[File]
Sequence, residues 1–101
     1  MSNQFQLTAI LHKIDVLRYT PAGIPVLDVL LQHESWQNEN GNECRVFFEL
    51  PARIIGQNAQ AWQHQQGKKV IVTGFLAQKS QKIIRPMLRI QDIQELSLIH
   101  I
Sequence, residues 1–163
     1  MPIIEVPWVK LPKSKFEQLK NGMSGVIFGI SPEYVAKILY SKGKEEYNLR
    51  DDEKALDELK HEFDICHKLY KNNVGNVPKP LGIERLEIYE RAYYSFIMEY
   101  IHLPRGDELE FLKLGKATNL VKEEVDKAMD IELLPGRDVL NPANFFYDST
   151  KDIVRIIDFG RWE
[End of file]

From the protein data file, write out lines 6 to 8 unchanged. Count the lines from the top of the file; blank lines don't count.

     1  MPIIEVPWVK LPKSKFEQLK NGMSGVIFGI SPEYVAKILY SKGKEEYNLR
    51  DDEKALDELK HEFDICHKLY KNNVGNVPKP LGIERLEIYE RAYYSFIMEY
   101  IHLPRGDELE FLKLGKATNL VKEEVDKAMD IELLPGRDVL NPANFFYDST